As I neared the end of graduate school, the ground on which I stood that had necessarily been shaken to its core began to solidify again. I understood that the true Jesus isn’t passive nor discriminatory. His life is defined by healing the hurt, sitting at the feet of the most marginalized and desecrated in society, and actively speaking out against all forms of injustice and evil. What breaks his heart should break mine. He cannot possibly side wholly with either conservatives or liberals. No party or belief structure has a monopoly on God; He transcends our broken, binary systems. He represents both unconditional love and restorative (not simply punitive) justice.
My heart inevitably softened for those who are well-intentioned but still get it wrong. If I want to receive grace when I slip up, I must learn how to give grace to others. If I’m calling for compassion for the oppressed, I must work toward compassion for the oppressor, whom too often has little to no awareness of the role they play in perpetuating shame. Although I may never find all the answers to all my questions (that’s why it’s called faith, after all), I did discover two that answer a lot of them.
Lead with love. Not doctrine.
Follow God. Not his followers.
This is not an easy pill to swallow. And it’s not a suggestion to sit back in silence and enable dangerous people to maintain power. If we listen well enough, God reveals to us when to act and when to be still. But fighting against blame and division with weapons of blame and division is not productive. As Audre Lorde so eloquently wrote, “For the master’s tools will never dismantle the master’s house. They may allow us temporarily to beat him at his own game, but they will never enable us to bring about genuine change.”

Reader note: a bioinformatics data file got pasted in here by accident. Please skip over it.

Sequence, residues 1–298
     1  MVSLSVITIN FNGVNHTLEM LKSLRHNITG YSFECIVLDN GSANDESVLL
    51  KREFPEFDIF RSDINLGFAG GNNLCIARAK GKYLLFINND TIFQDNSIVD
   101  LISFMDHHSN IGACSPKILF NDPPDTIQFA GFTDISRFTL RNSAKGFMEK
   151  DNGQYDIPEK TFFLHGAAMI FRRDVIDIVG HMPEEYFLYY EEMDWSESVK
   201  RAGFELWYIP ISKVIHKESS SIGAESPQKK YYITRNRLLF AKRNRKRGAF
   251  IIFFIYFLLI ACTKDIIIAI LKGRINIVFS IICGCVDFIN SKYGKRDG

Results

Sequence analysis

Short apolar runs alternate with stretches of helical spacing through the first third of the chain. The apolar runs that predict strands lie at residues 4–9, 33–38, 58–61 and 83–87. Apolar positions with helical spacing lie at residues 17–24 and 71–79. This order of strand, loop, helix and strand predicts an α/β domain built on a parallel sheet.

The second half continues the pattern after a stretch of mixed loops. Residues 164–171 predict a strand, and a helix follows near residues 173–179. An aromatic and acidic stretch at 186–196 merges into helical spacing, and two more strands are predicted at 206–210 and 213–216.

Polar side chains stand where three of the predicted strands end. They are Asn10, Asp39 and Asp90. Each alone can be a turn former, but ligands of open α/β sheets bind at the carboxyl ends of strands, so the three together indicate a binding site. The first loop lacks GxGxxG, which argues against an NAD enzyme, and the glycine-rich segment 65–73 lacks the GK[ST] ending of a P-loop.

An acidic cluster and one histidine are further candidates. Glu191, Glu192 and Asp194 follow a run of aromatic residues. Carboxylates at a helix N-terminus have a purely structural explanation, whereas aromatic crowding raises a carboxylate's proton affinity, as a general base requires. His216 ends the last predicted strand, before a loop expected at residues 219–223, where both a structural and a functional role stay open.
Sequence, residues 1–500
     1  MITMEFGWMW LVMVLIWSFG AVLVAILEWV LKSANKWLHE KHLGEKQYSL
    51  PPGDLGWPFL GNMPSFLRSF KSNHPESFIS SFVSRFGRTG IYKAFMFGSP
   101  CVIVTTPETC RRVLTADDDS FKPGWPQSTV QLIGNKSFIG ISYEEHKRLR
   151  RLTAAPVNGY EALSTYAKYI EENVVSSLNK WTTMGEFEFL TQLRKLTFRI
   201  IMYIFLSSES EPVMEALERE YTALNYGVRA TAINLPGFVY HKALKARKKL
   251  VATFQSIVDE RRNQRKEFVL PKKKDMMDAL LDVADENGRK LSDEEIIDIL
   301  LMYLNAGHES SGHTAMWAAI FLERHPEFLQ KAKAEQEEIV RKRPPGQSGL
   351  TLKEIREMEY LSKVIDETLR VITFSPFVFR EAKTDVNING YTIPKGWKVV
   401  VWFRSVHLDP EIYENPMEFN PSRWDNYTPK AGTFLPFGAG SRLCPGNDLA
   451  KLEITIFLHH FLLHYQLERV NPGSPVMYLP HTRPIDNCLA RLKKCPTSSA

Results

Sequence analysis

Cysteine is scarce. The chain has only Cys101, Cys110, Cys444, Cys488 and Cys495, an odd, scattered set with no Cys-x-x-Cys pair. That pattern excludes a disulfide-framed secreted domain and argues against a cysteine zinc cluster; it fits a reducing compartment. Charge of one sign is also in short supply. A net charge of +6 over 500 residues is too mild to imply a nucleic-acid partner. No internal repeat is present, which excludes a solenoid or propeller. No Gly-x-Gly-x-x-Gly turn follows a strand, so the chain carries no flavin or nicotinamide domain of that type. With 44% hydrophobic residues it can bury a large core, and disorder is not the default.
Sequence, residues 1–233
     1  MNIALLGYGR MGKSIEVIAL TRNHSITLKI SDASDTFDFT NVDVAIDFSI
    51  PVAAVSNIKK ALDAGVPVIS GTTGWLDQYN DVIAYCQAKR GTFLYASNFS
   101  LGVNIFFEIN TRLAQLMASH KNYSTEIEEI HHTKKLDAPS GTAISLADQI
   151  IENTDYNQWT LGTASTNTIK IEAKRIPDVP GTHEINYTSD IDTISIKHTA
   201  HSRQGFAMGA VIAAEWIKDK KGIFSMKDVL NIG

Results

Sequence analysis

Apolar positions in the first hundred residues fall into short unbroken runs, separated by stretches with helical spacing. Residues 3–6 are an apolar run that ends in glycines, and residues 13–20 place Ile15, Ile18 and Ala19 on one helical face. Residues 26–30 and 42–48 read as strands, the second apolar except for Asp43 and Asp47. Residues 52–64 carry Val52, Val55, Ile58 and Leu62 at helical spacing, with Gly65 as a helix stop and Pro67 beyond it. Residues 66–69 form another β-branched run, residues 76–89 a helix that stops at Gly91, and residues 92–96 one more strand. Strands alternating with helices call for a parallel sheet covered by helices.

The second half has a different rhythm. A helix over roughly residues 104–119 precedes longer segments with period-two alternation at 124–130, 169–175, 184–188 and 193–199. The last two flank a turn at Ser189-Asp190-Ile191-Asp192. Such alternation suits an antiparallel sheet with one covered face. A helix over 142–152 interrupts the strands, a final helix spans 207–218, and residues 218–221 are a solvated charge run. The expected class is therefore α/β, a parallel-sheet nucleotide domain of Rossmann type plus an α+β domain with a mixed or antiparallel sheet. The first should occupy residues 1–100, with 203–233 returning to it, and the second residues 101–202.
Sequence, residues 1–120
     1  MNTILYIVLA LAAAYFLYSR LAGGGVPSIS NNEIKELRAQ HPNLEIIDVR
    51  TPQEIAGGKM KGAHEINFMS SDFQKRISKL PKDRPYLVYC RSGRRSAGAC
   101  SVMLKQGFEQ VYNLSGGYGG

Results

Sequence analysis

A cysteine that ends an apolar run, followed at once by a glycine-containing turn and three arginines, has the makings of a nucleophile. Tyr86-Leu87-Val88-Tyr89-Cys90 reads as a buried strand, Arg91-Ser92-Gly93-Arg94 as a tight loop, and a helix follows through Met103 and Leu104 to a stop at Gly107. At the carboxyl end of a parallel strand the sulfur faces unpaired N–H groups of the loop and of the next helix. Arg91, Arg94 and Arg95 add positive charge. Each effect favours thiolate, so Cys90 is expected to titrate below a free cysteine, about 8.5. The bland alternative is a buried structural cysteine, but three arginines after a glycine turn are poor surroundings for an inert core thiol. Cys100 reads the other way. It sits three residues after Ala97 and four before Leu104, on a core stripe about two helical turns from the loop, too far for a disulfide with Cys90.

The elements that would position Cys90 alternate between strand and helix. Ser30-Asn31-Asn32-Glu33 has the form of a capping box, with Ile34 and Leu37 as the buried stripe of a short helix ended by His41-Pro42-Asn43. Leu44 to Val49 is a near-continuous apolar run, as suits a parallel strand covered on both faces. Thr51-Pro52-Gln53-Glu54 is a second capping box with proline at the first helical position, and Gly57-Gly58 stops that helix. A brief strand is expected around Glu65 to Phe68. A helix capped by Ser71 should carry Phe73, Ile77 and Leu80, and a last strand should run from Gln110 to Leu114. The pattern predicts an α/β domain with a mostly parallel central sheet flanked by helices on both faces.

We cannot simply hand our LGBTQ+ children a Bible after they share their stories of shame, rejection, and violence. We must listen. We cannot simply pray for racial healing as a hall pass out of tangible action. We must have hard conversations. The God I’ve come to know calls us to love even the ones with whom we vehemently disagree while standing up for what is right. Love is what is right. Always. I’d venture to say we all need more of it.